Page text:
Chemical composition and bioactivity of different oregano (Origanum vulgare) extracts and essential oil

Authors

  • Bárbara Teixeira,

    1. Division of Aquaculture and Upgrading, Portuguese Institute for the Sea and Atmosphere, I.P. (IPMA, I.P.), Lisbon, Portugal
    2. Research Unit of Organic Chemistry, Natural and Agro-food Products (QOPNA), Chemistry Department, Aveiro University, Aveiro, Portugal
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  • António Marques,

    Corresponding author
    • Division of Aquaculture and Upgrading, Portuguese Institute for the Sea and Atmosphere, I.P. (IPMA, I.P.), Lisbon, Portugal
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  • Cristina Ramos,

    1. Division of Aquaculture and Upgrading, Portuguese Institute for the Sea and Atmosphere, I.P. (IPMA, I.P.), Lisbon, Portugal
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  • Carmo Serrano,

    1. Research Unit of Food Technology, National Institute of Biological Resources (INRB, I.P./L-INIA), Nova Oeiras, Oeiras, Portugal
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  • Olívia Matos,

    1. Research Unit of Genetic Resources, Ecophysiology and Plant Improvement, National Institute of Biological Resources (INRB, I.P./L-INIA), Nova Oeiras, Oeiras, Portugal
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  • Nuno R Neng,

    1. Chemistry and Biochemistry Department, Faculty of Sciences, University of Lisbon, Lisbon, Portugal
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  • José M F Nogueira,

    1. Chemistry and Biochemistry Department, Faculty of Sciences, University of Lisbon, Lisbon, Portugal
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  • Jorge Alexandre Saraiva,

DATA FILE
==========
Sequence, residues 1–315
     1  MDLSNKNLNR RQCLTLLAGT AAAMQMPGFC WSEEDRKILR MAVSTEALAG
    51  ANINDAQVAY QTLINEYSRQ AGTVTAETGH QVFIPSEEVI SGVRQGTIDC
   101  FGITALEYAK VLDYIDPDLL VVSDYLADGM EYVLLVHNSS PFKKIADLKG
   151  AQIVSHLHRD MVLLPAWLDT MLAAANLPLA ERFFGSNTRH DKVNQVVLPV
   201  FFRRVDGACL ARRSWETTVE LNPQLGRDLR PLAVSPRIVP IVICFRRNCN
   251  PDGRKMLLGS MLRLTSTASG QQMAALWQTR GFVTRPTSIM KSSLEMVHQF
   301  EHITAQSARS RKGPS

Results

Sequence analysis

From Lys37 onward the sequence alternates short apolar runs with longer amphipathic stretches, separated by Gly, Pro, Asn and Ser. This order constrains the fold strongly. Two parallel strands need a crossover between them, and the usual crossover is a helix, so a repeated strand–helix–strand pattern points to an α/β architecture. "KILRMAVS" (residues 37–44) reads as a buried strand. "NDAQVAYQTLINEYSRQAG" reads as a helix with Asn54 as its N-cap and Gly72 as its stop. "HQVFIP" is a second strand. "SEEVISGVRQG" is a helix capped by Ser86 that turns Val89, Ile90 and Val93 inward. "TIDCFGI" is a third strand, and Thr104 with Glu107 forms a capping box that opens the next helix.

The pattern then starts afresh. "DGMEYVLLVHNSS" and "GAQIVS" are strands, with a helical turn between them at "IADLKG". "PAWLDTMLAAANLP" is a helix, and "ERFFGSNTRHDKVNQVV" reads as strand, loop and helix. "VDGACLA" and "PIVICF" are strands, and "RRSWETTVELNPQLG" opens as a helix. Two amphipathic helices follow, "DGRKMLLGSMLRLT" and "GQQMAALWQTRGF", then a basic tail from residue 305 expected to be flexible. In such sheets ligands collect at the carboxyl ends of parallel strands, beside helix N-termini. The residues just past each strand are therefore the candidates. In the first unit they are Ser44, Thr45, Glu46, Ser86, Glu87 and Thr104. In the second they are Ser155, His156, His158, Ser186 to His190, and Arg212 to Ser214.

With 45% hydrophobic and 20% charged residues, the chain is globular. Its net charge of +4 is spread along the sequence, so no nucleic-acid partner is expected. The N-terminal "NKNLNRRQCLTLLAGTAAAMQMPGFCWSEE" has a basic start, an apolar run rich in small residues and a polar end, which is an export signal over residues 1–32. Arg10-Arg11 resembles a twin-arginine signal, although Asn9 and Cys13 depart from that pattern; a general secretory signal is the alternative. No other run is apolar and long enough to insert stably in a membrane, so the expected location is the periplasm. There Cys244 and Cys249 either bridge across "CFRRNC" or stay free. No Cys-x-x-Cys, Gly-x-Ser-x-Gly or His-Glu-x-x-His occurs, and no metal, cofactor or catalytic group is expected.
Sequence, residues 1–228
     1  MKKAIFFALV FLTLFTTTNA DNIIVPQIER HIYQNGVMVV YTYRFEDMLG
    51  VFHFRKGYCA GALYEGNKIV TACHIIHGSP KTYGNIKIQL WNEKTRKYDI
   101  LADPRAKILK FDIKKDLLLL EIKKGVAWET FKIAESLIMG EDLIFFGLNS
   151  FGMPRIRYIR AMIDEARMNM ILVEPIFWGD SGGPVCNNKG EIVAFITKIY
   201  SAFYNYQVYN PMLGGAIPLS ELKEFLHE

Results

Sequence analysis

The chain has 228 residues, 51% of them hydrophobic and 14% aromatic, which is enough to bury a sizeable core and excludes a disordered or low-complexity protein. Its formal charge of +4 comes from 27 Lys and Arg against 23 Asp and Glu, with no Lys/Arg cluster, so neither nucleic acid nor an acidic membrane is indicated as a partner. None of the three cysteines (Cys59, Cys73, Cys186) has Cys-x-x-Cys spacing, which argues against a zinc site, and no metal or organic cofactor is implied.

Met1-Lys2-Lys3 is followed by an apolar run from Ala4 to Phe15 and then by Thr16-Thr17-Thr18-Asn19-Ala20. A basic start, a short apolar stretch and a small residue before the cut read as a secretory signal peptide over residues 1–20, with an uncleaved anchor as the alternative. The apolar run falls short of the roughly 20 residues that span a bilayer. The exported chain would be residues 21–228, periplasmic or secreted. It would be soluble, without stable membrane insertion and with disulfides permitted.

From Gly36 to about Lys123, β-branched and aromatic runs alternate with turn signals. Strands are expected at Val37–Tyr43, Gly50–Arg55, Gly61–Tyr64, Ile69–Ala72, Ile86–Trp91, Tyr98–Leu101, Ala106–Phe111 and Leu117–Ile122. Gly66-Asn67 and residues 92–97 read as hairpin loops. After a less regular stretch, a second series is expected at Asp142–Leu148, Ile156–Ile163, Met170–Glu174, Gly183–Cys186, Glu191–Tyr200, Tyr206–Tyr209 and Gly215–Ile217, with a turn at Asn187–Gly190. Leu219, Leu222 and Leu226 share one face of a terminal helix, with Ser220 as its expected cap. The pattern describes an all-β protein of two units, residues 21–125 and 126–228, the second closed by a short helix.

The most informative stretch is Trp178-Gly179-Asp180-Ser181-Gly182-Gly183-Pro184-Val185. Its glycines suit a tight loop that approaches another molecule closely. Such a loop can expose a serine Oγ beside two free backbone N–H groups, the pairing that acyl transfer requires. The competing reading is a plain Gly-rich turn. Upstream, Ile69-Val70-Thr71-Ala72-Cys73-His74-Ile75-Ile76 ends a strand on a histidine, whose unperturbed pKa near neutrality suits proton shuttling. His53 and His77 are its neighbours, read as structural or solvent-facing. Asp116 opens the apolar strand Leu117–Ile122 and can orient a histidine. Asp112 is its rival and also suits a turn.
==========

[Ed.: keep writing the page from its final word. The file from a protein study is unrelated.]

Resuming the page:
1. Research Unit of Organic Chemistry, Natural and Agro-food Products (QOPNA), Chemistry Department, Aveiro University, Aveiro, Portugal
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  • Maria Leonor Nunes

    1. Division of Aquaculture and Upgrading, Portuguese Institute for the Sea and Atmosphere, I.P. (IPMA, I.P.), Lisbon, Portugal
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Correspondence to: António Marques, Division of Aquaculture and Upgrading, Portuguese Institute for the Sea and Atmosphere, I.P. (IPMA, I.P.), Avenida de Brasília, 1449-006 Lisboa, Portugal. E-mail: amarques@ipma.pt

Abstract

BACKGROUND

There is a growing interest in industry to replace synthetic chemicals by natural products with bioactive properties. Aromatic plants are excellent sources of bioactive compounds that can be extracted using several processes. As far as oregano is concerned, studies are lacking addressing the effect of extraction processes in bioactivity of extracts. This study aimed to characterise the in vitro antioxidant and antibacterial properties of oregano (Origanum vulgare) essential oil and extracts (in hot and cold water, and ethanol), and the chemical composition of its essential oil.

RESULTS

The major components of oregano essential oil were carvacrol, β-fenchyl alcohol, thymol, and γ-terpinene. Hot water extract had the strongest antioxidant properties and the highest phenolic content. All extracts were ineffective in inhibiting the growth of the seven tested bacteria. In contrast, the essential oil inhibited the growth of all bacteria, causing greater reductions on both Listeria strains (L. monocytogenes and L. innocua).

CONCLUSION

O. vulgare extracts and essential oil from Portuguese origin are strong candidates to replace synthetic chemicals used by the industry. © 2013 Society of Chemical Industry

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